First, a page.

When to use cooled water
First Finger Foods
Between 6-9 months soft finger foods will give your baby lots of chewing practice. As they become more independent, by offering finger food it will teach your baby how to self-feed and improve their ability to chew, a skill which will go a long way in aiding your baby’s speech development as well as allowing them to develop their diet. Finger Foods for 6-9 Months
Other suitable finger foods from 6-9 months (once you have tried some of the softer options above)
- Buttered toast fingers
- Finger of toasted cheese on bread
- Raw sticks of cucumber
- Soft cooked florets of broccoli or cauliflower
- Strips of freshly cooked meat like beef or chicken
Finger Foods for 9-12 Months
Once your baby reaches stage 3 of weaning (9-12 months) you can offer them firmer and harder finger foods which will help develop their chewing skills even further. Some suitable foods at this stage are:
- Unsalted crackers
- Unsalted rice cakes
- Small portion of plain scone
- Small pancakes
- Fruit slices – apple, orange, mango etc.
- Cubes/triangles.slices of firm cheese
- Cooked chunks of vegetables like sweet potato, carrot
It is important that you do not leave your baby alone when feeding.
If you’ve any other questions about this, or would like to talk to an expert about any food related questions you may have, do contact our careline.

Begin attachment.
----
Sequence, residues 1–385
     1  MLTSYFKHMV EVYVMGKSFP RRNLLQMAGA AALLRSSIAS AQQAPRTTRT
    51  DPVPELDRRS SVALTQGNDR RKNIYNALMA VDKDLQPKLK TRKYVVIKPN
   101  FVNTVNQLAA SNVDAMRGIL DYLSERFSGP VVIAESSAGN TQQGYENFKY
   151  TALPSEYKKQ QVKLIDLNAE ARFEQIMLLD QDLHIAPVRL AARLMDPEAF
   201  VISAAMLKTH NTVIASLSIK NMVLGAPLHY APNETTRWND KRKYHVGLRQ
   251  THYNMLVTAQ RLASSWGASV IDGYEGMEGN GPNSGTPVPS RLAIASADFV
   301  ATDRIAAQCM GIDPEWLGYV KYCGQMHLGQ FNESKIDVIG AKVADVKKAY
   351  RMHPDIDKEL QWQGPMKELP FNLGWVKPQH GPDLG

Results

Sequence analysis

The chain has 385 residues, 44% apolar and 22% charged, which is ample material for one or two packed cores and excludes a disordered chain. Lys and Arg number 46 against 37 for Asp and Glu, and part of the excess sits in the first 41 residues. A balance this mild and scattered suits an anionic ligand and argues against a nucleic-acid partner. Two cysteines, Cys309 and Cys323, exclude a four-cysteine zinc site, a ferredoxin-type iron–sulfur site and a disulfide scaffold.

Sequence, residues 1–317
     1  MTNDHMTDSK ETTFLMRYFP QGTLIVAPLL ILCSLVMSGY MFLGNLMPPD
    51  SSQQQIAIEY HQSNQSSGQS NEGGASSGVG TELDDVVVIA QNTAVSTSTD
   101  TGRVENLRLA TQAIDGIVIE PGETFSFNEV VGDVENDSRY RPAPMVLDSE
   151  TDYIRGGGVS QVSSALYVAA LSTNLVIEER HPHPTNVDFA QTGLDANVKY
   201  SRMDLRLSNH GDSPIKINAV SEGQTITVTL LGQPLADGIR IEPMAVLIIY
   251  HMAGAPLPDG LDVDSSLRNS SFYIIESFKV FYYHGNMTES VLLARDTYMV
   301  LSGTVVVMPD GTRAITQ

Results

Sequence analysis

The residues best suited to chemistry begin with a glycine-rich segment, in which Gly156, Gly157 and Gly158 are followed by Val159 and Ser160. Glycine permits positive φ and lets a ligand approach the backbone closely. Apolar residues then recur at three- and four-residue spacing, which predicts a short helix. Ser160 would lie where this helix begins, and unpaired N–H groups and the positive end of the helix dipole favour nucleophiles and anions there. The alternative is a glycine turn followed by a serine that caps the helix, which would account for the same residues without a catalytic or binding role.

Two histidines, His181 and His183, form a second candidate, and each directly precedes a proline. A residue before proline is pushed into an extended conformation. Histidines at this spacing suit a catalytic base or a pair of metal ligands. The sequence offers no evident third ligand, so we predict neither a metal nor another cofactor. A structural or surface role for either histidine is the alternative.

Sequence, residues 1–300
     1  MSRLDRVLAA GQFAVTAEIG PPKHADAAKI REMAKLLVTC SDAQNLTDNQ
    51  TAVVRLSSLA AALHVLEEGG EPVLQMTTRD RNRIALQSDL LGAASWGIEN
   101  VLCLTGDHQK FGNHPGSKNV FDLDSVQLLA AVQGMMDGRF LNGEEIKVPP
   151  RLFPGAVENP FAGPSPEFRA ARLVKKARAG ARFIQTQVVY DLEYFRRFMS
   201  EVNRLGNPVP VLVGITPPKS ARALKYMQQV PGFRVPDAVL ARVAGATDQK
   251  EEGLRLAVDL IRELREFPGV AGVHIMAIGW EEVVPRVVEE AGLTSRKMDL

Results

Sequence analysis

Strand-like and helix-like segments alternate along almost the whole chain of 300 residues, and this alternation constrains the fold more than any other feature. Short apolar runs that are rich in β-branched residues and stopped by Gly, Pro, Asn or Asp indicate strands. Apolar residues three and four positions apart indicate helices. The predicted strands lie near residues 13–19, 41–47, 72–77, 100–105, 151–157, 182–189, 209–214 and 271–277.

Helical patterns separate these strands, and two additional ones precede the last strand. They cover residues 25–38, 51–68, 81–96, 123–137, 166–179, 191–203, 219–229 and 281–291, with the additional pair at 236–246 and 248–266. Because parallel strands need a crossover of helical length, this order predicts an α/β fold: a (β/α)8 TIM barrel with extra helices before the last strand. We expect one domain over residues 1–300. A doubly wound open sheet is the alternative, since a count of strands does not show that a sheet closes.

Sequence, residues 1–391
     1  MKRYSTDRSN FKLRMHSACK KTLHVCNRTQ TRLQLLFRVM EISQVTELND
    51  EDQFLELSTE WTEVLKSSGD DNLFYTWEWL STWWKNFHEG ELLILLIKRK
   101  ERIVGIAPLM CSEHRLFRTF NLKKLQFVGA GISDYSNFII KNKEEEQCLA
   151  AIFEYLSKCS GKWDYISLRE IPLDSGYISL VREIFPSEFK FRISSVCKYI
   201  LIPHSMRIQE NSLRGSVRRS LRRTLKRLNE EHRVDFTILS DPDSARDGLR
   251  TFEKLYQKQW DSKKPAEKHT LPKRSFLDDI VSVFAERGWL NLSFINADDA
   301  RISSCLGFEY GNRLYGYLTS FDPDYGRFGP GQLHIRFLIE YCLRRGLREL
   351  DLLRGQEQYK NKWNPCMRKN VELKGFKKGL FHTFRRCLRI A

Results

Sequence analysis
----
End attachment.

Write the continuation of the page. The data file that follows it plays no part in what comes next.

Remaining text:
Over 6 months
Once your baby has reached 6 months of age it is a good idea to introduce a beaker. Up to their 1st birthday their milk feed is an important source of nutrients and now in combination with a good weaning diet. Water and milk are the most tooth friendly drinks. As your baby progresses in their weaning journey, sips of cooled, previously boiled water in a beaker at meal times is fine. Limit their intake of fruit juice to protect your baby’s developing teeth. If giving pure fruit juice, always dilute it, 1 part fruit juice to 4-5 parts water. Clean your baby’s gums/teeth in the morning and before bedtime. Fruit and vegetables all contain a higher water content and an important part in your baby’s diet, providing lots of nutrients too!
As when they were younger you may need to offer sips of cooled, previously boiled water during warm weather or if your baby is unwell e.g. during a bout of diarrhea, to ensure they are keeping well hydrated.
If offering water to your baby, choose freshly drawn tap water then boil it and allow it to cool. If you need to use shop bought bottled water, make sure you check the label for the sodium (Na) content. Choose a brand that contains <20mgNa/litre. You still need to boil it and cool it in the same way you do with tap water. If you are not sure about the quality of the water in your area, check your supply with your local county council.
If you have any more questions about this, please do not hesitate to contact us and one of our advisors will be happy to help you.
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Breastfeeding is best for babies and provides many benefits. It is important that, in preparation for and during breastfeeding, you eat a varied, balanced diet. Combined breast and bottle feeding in the first weeks of life may reduce the supply of your own breastmilk, and reversing the decision not to breastfeed is difficult. The social and financial implications of using an infant formula should be considered. Improper use of an infant formula or inappropriate foods or feeding methods may present a health hazard. If you use an infant formula, you should follow manufacturer’s instructions for use carefully – failure to follow the instructions may make your baby ill. Always consult your doctor, midwife or health visitor for advice about feeding your baby.